Treatment with the third-generation EGFR inhibitor AZD9291 was found to be highly active in patients with EGFR T790M-mutated NSCLC following progression on prior therapy with an EGFR TKI.
Pasi A. Jänne MD, PhD
Treatment with the third-generation EGFR inhibitor AZD9291 was found to be highly active in patients withEGFR T790M-mutated non-small cell lung cancer (NSCLC) following progression on prior therapy with an EGFR TKI, according to findings from the phase I/II AURA study that were published inThe New England Journal of Medicine.
In most situations, theEGFR T790Mmutation is the mechanism of drug resistance to frontline EGFR inhibitors, such as erlotinib. All patients enrolled in the study were EGFR-positive and received prior treatment with an EGFR inhibitor. Of these individuals, 127 were found to have anEGFR T790Mmutation by central review.
“Although the data are still immature (30% maturity), the current median progression-free survival in patients with detectableEGFR T790Mis encouraging,” the authors of the study wrote. “EGFR T790Mhas been recognized as a prognostic biomarker, but our findings show that it is also a predictive biomarker for the efficacy of AZD9291.”In the study, AZD9291 was administered at doses ranging from 20 to 240 mg once daily in 253 patients. The overall response rate (ORR) in the full population with AZD9291 was 51% (95% CI, 45-58). In those withT790Mmutations, the ORR was 61% (95% CI, 52-70). In patients without theT790Mmutation, the ORR was 21% (95% CI, 12-34).
The median progression-free survival (PFS) was 9.6 months in those with EGFR T790M mutations (95% CI, 8.3 - not yet reached). InT790M-negative patients, the median PFS was 2.8 months (95% CI, 2.1-4.3).
"One reason for the activity of AZD9291 in patients without detectable EGFR T790M may be a retreatment effect after a “holiday” from treatment with an EGFR tyrosine kinase inhibitor, as reported previously in some studies of gefitinib," the authors hypothesized.In a dose escalation portion of the study, 31 patients were treated without the occurrence of dose-limiting toxicity, suggesting that a maximum tolerated dose has not yet been identified.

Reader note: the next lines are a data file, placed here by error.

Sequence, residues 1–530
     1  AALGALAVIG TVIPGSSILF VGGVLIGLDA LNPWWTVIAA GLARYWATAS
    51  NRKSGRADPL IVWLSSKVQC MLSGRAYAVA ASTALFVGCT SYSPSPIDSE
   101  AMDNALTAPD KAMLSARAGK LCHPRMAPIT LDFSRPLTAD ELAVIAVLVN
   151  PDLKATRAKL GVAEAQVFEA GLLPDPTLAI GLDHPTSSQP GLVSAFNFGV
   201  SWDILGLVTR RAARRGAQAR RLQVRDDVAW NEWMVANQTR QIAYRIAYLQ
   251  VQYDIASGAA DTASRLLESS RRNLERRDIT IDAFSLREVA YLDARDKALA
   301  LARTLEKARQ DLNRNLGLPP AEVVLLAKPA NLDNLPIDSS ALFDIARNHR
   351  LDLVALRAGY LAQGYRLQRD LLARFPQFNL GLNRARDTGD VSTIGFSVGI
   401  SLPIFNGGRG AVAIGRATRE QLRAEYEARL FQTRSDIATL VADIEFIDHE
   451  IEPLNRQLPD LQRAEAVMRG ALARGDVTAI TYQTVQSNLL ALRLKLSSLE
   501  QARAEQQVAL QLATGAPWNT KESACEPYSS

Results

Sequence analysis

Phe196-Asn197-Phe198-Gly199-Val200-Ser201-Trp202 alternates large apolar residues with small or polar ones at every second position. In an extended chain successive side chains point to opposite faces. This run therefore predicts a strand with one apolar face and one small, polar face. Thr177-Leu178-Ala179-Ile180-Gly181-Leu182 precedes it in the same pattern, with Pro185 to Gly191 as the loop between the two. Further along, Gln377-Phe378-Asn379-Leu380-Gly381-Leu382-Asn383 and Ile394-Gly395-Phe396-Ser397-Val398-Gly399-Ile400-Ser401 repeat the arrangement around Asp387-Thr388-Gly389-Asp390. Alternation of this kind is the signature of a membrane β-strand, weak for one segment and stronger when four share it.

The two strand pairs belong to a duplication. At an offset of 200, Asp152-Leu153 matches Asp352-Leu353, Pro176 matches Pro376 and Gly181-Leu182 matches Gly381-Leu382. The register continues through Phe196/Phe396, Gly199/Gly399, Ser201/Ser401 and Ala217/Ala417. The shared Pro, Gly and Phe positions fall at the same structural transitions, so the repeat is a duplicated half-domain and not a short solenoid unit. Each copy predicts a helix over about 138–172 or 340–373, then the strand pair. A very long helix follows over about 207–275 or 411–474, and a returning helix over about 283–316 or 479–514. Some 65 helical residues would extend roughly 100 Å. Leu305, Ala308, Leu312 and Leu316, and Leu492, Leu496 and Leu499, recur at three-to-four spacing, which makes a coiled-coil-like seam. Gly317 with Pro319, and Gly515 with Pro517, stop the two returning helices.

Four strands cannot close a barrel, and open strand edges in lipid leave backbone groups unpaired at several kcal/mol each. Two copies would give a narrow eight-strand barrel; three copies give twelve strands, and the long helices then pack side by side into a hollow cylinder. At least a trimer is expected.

Across all doses, adverse events were seen in 96% of patients. The most common adverse events observed in the study were diarrhea (47%), rash (40%), nausea (22%), and decreased appetite (21%). The majority of these side effects were lower-grade. The rate of grade 3-5 adverse events was low (<2%).Given the modest toxicity and high-level of activity with AZD9291, the authors of the study suggest that it could be combined with other treatments for NSCLC, including MET inhibitors.
"The activity of AZD9291 coupled with its safety profile may provide the opportunity to evaluate combination treatment strategies, including with MET inhibitors, to further improve clinical outcomes in patients with resistance to EGFR tyrosine kinase inhibitors," the researchers wrote.
Additionally, AZD9291 will continue to be explored as a single-agent, with the AURA study still enrolling (NCT01802632).
Jänne PA, Yang J C-H, Kim D-W, et al. AZD9291 in EGFR InhibitorResistant Non–Small-Cell Lung Cancer.NEJM. 2015;372(5):1689-1699.